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Norway swings open royal palace doors

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OSLO, Norway — Norway's royal palace in downtown Oslo is open for public tours for the first time since 1920.

Even before the summer tours began June 25, all 26,000 tickets had been sold for the season that runs through the middle of August.

"There has been a lot of interest in the palace," says Lars Petter Forberg, who heads the palace staff as lord chamberlain.

The newly restored, 158-room building overlooks the Norwegian capital's main street and is modest, as royal palaces go. Britain's Buckingham Palace, for example, has more than 600 rooms.

But Norway was a poor country when construction started in 1828 as an official residence for King Carl Johan, Sweden's monarch who also ruled here after Norwegians grudgingly joined a union with their larger neighbor in 1814.

The Empire-style building, designed by Danish architect Hans Ditlev Franciscus Linstow, took more than 20 years to complete. The building was finished in 1848.

It was supposed to be in the form of an "H," but the government ran out of money in 1836 and left off two wings. So now a U-shaped building sits in the middle of the 54-acre (21.85-hectare) palace park.

All the same, the sandstone-colored building with its central pillars is a landmark in this city of 500,000 people and a national symbol to the country of 4.5 million that gained independence from Sweden just 95 years ago.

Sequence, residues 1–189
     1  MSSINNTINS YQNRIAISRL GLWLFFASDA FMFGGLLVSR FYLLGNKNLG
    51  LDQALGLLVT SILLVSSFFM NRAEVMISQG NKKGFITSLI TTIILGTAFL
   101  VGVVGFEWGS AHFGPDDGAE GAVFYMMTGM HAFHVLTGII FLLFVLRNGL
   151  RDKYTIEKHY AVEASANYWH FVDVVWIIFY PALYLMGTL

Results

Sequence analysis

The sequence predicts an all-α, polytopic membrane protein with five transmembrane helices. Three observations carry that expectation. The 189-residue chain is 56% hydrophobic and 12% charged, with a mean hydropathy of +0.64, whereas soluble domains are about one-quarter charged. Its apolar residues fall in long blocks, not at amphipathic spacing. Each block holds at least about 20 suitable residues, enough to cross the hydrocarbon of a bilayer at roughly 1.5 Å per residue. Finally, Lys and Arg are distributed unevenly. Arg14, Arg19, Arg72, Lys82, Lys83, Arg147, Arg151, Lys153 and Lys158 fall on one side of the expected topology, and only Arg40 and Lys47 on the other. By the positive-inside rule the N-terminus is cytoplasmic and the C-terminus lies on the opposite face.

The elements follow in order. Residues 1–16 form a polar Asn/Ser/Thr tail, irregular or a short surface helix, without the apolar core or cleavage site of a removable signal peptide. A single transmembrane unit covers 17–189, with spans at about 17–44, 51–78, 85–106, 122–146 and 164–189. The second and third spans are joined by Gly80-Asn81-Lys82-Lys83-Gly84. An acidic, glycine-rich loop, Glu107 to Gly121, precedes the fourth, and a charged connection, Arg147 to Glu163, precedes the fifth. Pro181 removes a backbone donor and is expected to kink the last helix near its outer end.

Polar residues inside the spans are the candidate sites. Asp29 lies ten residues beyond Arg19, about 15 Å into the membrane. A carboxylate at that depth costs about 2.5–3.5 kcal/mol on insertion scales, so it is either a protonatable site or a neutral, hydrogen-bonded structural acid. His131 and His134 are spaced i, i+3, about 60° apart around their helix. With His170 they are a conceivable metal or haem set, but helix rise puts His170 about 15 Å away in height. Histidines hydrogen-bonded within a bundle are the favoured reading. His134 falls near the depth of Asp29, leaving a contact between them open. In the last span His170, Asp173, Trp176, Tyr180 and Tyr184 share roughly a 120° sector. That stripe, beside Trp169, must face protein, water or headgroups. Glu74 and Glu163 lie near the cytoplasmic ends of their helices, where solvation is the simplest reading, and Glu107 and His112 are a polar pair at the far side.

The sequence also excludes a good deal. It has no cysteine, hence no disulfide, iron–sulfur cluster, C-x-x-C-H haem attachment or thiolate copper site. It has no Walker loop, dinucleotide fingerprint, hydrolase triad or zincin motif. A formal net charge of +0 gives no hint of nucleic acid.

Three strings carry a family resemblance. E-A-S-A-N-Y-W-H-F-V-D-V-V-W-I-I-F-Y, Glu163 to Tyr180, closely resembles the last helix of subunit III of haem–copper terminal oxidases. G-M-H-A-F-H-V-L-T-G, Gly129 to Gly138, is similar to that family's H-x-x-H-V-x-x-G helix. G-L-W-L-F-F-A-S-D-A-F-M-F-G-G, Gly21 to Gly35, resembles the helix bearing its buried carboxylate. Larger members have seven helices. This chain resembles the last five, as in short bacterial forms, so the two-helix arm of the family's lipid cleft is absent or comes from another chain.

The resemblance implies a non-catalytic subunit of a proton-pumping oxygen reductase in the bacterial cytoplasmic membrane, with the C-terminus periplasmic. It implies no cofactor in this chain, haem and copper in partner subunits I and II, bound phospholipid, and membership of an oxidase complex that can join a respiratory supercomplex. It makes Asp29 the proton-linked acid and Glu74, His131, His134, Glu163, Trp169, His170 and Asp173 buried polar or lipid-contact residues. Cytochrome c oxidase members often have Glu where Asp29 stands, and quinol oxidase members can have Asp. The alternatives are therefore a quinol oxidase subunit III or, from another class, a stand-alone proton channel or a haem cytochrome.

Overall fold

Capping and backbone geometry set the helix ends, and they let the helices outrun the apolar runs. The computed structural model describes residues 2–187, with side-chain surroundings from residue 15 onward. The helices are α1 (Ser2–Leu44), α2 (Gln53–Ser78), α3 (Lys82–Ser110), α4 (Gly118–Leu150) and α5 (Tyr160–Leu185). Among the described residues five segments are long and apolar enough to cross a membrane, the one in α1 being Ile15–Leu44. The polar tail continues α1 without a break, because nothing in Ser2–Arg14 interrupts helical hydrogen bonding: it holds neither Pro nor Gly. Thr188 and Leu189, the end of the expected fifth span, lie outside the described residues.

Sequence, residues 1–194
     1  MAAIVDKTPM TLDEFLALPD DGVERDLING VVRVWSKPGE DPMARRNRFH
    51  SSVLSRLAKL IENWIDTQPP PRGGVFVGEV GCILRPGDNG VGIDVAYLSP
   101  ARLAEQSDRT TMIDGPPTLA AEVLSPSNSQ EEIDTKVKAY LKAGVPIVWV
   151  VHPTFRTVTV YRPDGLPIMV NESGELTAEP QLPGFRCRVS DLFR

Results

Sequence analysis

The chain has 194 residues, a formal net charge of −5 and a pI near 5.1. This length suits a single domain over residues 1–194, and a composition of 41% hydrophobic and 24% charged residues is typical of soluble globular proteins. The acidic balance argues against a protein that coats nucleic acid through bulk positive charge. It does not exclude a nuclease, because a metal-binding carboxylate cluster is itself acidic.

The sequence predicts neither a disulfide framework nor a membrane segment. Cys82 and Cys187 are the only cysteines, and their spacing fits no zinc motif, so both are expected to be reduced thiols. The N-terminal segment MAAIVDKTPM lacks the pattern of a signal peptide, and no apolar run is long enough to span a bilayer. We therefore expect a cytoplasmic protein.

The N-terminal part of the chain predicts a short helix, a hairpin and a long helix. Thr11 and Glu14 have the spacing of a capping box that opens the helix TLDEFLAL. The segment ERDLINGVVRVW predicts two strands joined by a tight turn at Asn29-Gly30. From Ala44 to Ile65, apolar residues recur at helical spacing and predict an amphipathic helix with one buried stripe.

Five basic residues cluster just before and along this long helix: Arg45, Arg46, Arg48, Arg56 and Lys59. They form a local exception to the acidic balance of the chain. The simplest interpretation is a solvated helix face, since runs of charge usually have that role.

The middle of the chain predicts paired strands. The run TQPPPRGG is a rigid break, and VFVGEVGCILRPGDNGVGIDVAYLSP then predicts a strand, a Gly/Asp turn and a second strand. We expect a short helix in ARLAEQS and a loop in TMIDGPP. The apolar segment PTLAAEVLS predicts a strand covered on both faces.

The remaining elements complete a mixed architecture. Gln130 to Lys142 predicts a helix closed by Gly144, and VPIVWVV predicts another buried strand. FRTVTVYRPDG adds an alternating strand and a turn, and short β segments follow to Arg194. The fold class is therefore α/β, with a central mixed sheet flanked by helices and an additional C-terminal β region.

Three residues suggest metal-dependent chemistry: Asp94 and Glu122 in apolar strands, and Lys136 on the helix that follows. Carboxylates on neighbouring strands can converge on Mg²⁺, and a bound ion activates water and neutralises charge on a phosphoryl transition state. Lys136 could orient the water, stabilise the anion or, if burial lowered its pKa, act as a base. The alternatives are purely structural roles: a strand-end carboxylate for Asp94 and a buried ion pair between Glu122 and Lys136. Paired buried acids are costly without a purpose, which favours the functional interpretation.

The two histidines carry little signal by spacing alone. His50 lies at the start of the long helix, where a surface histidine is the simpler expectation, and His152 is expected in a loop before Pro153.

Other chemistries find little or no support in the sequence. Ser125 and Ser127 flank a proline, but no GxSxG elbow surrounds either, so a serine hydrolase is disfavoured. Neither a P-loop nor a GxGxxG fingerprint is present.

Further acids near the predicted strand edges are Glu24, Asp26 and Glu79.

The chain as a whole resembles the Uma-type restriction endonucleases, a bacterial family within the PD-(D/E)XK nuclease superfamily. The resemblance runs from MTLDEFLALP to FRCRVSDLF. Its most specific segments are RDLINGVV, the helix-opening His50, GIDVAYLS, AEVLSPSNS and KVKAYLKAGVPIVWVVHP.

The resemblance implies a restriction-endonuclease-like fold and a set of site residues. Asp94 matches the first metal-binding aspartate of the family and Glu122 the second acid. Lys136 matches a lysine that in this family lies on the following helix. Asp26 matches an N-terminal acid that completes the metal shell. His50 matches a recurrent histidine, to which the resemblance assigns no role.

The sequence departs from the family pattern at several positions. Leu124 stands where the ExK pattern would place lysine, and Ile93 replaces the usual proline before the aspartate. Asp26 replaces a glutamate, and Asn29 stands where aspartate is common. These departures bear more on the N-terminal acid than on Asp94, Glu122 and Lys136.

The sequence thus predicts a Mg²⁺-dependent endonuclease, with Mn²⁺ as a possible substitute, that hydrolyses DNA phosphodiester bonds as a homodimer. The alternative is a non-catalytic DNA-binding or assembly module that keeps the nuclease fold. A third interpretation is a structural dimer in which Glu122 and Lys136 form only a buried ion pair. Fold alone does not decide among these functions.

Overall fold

For outsiders, it is lesser known. Two American tourists tried to enter recently. When stopped by palace guards, they asked, "Isn't this the national gallery?"

The last time the Oslo palace was opened, briefly in 1920, tours were canceled any time it rained. "They didn't want half the sand from the palace grounds inside," Forberg says.

Now, blue plastic overshoes will be required, and visitors will be welcome even on rainy days.

The 45-minute tour covers 15 of the palace rooms, none of them private royal quarters.

"I'm not sure I would want to look into other people's bathrooms," Tone Joergensen, head of the Open Palace 2000 project, said during a news media preview. Norwegian newspapers, on the other hand, said a private peek at their figurehead royals might be exactly what egalitarian Norwegians want.

The possibility of meeting popular King Harald V, Queen Sonja or their children is as good as nil. They haven't begun to use the palace as their official residence because the seven-year, 400 million kroner ($47 million) restoration is not finished.

Besides, they're on vacation.

Apart from being the royal couple's future home, the palace is used for government Cabinet meetings and as a guest house for visiting heads of state. It has a staff of 100.

The 55-kroner ($6.50) tour includes the minister's hall, where the king and council meet weekly; the White Room, the Bernadotte Salon, the Bird Room, the King Haakon Suite, the Mirror Room, ballrooms and main dining hall. Along the way are portraits of Norway's and Sweden's royal families, gifts and heirlooms, the king's gilded throne with lion-head armrests, all in rooms with ceilings that seem to touch the sky.

Everything pocket-sizes was removed so as not to unduly tempt souvenir hunters.

The King Haakon Suite is popularly called the Mandela Room because South Africa's Nelson Mandela was the first head of state to use it when he visited last year.

A popular stop in test tours was a drab balcony overlooking Oslo, because every May 17, Norway's national day, the royal family stands for hours waving at thousands of schoolchildren parading past the palace.

"Many are excited to get here (at the balcony) because it is something they know from the other side," says Marshall Walker, a student from Baltimore who has a summer job as one of 10 palace guides.

If the project breaks even, the summer tour might become an annual event.

'It will be evaluated sometime this autumn," Joergensen says. "We have to see how it effects the house. This house is a very busy place."